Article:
Second Thursday Lecture Series: Spanish Louisiana with Dr. Frances K. Turnbell

Second Thursday Lecture Series: Spanish Louisiana with Dr. Frances K. Turnbell

Thu, Sep 12, 2024
6:00 p.m. to 7:30 p.m.
Virtual Events

Join us for a virtual evening with Dr. Frances K. Turnbell discussing her new book Spanish Louisiana: Contest for Borderlands, 1763–1803 (LSU Press, Fall 2024). This program is sponsored by the Friends of the Cabildo as part of the Second Thursday Lecture Series. It is free and open to the public, but registration is required. The program will take place on Zoom. Please register here and a link will be emailed to you on the day of the lecture:


About the Book

Frances Kolb Turnbell’s study of Spanish colonial Louisiana is the first comprehensive history of the colony. It emphasizes the Lower Mississippi valley’s status as a borderland contested by empires and the region’s diverse inhabitants in the era of volatility that followed the Seven Years’ War. As Turnbell demonstrates, the Spanish era was characterized by tremendous transition as the colony emerged from the neglect of the French period and became slowly but increasingly centered on plantation agriculture. The transformations of this critical period grew out of the struggles between Spain and Louisiana’s colonists, enslaved people, and Indians over issues related to space and mobility. Many borderland peoples, networks, and alliances sought to preserve Louisiana as a flexible and fluid zone as the colonial government attempted to control and contain the region’s inhabitants for its own purposes through policy and efforts to secure loyalty and its own advantageous alliances.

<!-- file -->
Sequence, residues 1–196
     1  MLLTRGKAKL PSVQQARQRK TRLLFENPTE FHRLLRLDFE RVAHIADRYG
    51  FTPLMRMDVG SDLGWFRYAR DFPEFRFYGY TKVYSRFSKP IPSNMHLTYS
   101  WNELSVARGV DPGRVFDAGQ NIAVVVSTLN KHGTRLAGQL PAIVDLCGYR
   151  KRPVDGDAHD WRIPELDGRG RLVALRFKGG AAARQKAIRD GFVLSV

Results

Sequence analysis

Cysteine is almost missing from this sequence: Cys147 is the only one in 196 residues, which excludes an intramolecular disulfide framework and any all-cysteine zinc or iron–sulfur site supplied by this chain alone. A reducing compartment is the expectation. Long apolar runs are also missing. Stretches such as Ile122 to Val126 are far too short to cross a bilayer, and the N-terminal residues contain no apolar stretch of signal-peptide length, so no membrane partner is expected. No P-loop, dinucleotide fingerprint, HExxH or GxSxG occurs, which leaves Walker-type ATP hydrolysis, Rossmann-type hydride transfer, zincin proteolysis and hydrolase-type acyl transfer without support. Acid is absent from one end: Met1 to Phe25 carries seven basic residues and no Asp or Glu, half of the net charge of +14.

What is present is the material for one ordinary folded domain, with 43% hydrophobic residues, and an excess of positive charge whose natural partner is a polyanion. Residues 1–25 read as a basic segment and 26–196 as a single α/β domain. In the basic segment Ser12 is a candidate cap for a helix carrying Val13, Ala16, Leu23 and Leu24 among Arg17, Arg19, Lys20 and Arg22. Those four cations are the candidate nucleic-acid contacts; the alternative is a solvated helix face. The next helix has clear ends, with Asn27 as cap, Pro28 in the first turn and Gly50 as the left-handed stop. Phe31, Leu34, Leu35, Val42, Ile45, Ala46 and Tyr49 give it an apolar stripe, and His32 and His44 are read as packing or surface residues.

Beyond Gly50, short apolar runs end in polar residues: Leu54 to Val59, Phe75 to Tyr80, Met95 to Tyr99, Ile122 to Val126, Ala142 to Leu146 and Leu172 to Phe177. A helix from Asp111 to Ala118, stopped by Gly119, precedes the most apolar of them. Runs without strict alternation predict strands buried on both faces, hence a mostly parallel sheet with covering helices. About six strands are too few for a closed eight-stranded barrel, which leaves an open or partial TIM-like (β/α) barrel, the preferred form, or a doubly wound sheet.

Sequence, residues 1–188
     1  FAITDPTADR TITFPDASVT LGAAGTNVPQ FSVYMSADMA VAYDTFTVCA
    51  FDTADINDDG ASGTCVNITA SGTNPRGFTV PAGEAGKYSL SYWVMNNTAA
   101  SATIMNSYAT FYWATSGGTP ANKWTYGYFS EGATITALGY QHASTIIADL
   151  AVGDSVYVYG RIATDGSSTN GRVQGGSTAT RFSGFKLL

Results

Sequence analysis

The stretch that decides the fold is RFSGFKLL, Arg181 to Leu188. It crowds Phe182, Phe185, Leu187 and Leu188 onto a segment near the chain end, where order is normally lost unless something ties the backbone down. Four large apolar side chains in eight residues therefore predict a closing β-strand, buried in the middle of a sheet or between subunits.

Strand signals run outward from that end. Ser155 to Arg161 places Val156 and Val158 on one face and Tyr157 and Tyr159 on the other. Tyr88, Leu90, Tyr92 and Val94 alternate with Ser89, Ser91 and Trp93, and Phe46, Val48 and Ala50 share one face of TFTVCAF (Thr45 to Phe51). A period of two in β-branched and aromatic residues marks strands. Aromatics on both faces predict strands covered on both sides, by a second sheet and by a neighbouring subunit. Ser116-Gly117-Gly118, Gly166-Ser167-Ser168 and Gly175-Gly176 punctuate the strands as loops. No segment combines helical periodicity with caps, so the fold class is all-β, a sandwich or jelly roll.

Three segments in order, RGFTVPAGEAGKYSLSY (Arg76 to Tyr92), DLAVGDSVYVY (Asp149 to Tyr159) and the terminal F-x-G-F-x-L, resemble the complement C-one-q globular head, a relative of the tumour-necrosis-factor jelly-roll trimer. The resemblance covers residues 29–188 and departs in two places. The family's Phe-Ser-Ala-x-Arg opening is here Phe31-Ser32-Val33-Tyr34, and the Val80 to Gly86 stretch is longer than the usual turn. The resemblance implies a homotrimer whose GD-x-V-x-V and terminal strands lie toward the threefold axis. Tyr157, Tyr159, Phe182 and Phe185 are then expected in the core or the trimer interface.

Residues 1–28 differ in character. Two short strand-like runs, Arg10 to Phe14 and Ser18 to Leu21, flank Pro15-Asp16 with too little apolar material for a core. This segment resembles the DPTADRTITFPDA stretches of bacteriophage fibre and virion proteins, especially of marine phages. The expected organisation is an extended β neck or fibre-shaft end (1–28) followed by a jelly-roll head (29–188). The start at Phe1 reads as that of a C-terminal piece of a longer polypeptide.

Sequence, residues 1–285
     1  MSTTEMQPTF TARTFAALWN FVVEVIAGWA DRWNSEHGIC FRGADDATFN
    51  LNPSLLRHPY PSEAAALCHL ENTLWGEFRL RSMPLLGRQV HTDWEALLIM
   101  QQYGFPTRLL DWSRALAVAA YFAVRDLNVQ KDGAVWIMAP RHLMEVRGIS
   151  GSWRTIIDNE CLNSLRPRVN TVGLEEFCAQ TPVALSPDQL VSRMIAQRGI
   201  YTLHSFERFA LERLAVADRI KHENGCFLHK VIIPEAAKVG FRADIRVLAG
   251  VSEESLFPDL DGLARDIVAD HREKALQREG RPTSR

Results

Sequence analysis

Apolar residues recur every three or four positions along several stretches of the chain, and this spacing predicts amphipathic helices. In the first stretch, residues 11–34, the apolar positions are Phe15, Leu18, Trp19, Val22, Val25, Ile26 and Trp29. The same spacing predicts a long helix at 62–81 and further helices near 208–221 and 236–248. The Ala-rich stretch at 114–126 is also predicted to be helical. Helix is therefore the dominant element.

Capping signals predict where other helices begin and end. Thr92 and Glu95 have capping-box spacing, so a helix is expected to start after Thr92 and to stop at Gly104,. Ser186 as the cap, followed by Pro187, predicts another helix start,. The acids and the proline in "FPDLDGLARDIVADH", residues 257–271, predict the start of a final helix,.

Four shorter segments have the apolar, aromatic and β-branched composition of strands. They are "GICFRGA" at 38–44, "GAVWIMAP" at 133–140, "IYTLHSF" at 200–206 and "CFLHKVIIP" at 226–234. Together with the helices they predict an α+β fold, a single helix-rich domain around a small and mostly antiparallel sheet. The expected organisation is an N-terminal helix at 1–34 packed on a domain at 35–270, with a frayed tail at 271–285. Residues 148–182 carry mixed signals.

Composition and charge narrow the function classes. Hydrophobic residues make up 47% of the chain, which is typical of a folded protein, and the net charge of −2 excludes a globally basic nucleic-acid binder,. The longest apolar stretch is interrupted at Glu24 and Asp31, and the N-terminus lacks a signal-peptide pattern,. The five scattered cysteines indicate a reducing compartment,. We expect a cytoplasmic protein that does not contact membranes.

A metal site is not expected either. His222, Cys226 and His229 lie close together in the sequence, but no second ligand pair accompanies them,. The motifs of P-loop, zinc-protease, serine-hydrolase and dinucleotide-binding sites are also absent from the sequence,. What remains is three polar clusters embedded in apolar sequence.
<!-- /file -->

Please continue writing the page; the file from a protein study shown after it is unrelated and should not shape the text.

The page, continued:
Turnbell first examines the period from 1763 through the American Revolution, when the Mississippi River was a boundary between empires. The river’s designation as an imperial border ran counter to the topography of North America and counter to the practices of the valley’s inhabitants, who employed its waterways to trade, communicate, migrate, and survive. Turnbell pays special attention to the Revolt of 1768, the burgeoning trade along the Mississippi prior to the American Revolution that involved British and American merchants, Spanish preparation for war, and the crucial involvement of the borderland’s diverse inhabitants as the war played out on the Lower Mississippi.

Turnbell then explains how the activity of borderland peoples evolved after the Revolutionary War when the Lower Mississippi was no longer an imperial boundary. She considers the instability and fluidity of postwar years in Louisiana, American trade and migration, Louisiana’s experience of the Age of Revolutions—from pro-French sentiments to plans for rebellion among the enslaved—and ultimately, Spain’s political demise in the Mississippi River valley.

About the Author

Frances Kolb Turnbell is an historian of colonial America and the Atlantic World with a specialty in the eighteenth-century Lower Mississippi Valley. She received her BA in History from Texas A&M University and her MA and PhD from Vanderbilt University. She teaches at the University of North Alabama. She is the editor of the Tennessee Historical Quarterly. She has participated in the American Revolutionary War in the West museum exhibit, book, and conferences out of St. Charles Historical Society, Missouri. Her book Spanish Louisiana: Contest for Borderlands, 1763–1803 will be available through LSU Press in the fall of 2024.

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